The Benton Foundation salutes the FCC’s progress on protecting consumers as the networks they have relied upon for phone service have transitioned from traditional copper to fiber broadband. And we are pleased the FCC is moving forward to clarify reporting requirements. Giving consumers notice and information about network transitions helps consumers prepare for the change in service. We are also pleased that the FCC has opened up a FNPRM on the issue of functionality and metrics to assess changes or losses in functionality.

But we are concerned about the FCC's approach to battery backup. Merely providing consumers information and an option to purchase a battery is a significant shift in burden. In the past, consumers have never had to think about maintaining a backup system and now both the cost and the maintenance have been shifted to the individual consumer. For vulnerable populations – especially seniors and low income households -- the cost of battery backup may be out of reach, putting these households in danger of losing access to emergency responders during a power outage. We urge the FCC to develop a stronger, consumer-focused approach to the issue of battery backup.

Benton Welcomes New Benton Faculty Research Fellow Dr. Colin Rhinesmith

The Benton Foundation named Dr. Colin Rhinesmith the new Benton Faculty Research Fellow. In this role, Dr Rhinesmith will conduct original Benton research as well as advise the foundation on new research opportunities. In his first project for Benton, Dr Rhinesmith is conducting a study of low-cost Internet and digital literacy training programs in low-income communities across the U.S. The goal of the study is to provide data and outcomes-based measures that can be useful to policymakers, Internet service providers, and other digital inclusion stakeholders, particularly as the Federal Communications Commission and Congress seek to reform the Universal Service Fund.

"At a time when federal regulators are considering addressing the digital divide by refocusing the FCC’s Lifeline program," said Benton Foundation Executive Director Adrianne B. Furniss, "Benton is investing in research to support data-driven policy decisions rather than divisive ‘Obamaphone’-type rhetoric. We need the best thinking to reach and connect those who have yet to embrace the Internet."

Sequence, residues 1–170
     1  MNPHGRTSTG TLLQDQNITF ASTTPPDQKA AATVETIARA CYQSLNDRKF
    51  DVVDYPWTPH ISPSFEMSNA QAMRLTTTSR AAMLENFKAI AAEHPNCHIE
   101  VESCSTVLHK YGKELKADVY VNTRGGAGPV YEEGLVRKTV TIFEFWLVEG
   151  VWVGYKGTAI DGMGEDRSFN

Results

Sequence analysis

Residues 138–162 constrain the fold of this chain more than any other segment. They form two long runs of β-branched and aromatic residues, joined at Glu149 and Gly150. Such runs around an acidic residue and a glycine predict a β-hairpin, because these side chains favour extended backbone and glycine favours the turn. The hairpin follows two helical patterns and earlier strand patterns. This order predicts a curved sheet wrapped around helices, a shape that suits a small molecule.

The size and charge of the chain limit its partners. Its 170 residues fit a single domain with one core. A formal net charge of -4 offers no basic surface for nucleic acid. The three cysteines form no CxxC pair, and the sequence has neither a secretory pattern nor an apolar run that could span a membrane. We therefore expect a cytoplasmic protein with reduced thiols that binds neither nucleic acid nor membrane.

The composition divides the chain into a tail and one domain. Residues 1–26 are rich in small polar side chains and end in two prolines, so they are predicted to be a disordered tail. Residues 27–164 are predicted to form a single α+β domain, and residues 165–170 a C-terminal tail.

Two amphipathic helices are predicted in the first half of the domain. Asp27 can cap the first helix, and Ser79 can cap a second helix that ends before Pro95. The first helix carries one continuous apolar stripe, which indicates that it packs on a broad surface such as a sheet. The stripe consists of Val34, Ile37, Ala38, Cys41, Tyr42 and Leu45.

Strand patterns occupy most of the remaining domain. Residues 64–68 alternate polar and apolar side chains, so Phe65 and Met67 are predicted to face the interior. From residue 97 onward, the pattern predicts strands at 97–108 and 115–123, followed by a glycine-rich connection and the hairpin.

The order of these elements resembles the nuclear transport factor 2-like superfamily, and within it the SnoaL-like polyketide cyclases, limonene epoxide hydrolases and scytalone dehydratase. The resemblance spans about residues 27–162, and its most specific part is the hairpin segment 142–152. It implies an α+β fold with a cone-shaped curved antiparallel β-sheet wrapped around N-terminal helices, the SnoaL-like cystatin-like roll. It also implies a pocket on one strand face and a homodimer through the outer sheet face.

Dr. Rhinesmith is also working with Benton Fellow Raphael Leung to compile research resources on the impact effects of broadband availability on vulnerable communities. A fall 2015 report will look at the need for robust broadband among low-income communities and address what the minimum services standards should be for low-income telecommunications programs.

"I am honored to be affiliated with the Benton Foundation as a Faculty Research Fellow," said Dr. Rhinesmith. "For the past 13 years, I have followed the Foundation’s tireless efforts to create more equitable access to information and communication in the digital age. I look forward to working with the Benton Foundation as a researcher to help inform how policymakers and practitioners design, implement, and evaluate digital inclusion and broadband adoption strategies."

Dr. Rhinesmith is an Assistant Professor in the School of Library and Information Studies at the University of Oklahoma. Rhinesmith’s research investigates digital inclusion and broadband adoption. Recent research looks at how community anchor institutions, such as public libraries and community technology centers, promote digital inclusion through public access computing, home broadband access, and digital literacy training. Rhinesmith’s work has been published in the following journals and peer-reviewed conference proceedings: Government Information Quarterly; International Journal of Communication; Journal of Education for Library and Information Science; Community Informatics Research Network Conference Proceedings; and the Proceedings of the Association for Information Science and Technology.

Rhinesmith received his Ph.D. from the Graduate School of Library and Information Science at the University of Illinois at Urbana-Champaign, where he was an Institute for Museum and Library Services (IMLS)-funded Information in Society Fellow. He received his B.A. and M.A. in Media Studies from Emerson College in Boston, MA. Previously, Rhinesmith was a Google Policy Fellow and an Adjunct Research Fellow with the Open Technology Institute at the New America Foundation in Washington, D.C.

The Benton Foundation is a private operating foundation that works to ensure that media and telecommunications serve the public interest and enhance our democracy. We pursue this mission by: 1) seeking policy solutions that support the values of access, diversity and equity; 2) demonstrating the value of media and telecommunications for improving the quality of life for all; and 3) providing information resources to policymakers and advocates to inform communications policy debates.

Benton Named Recipient of 2015 Community Broadband Award

The National Association of Telecommunications Officers and Advisors (NATOA) Board of Directors named Charles Benton the recipient of NATOA's 2015 Community Broadband Visionary Award to recognize Benton's lifetime of extraordinary support and advocacy for the development and proliferation of local community broadband systems.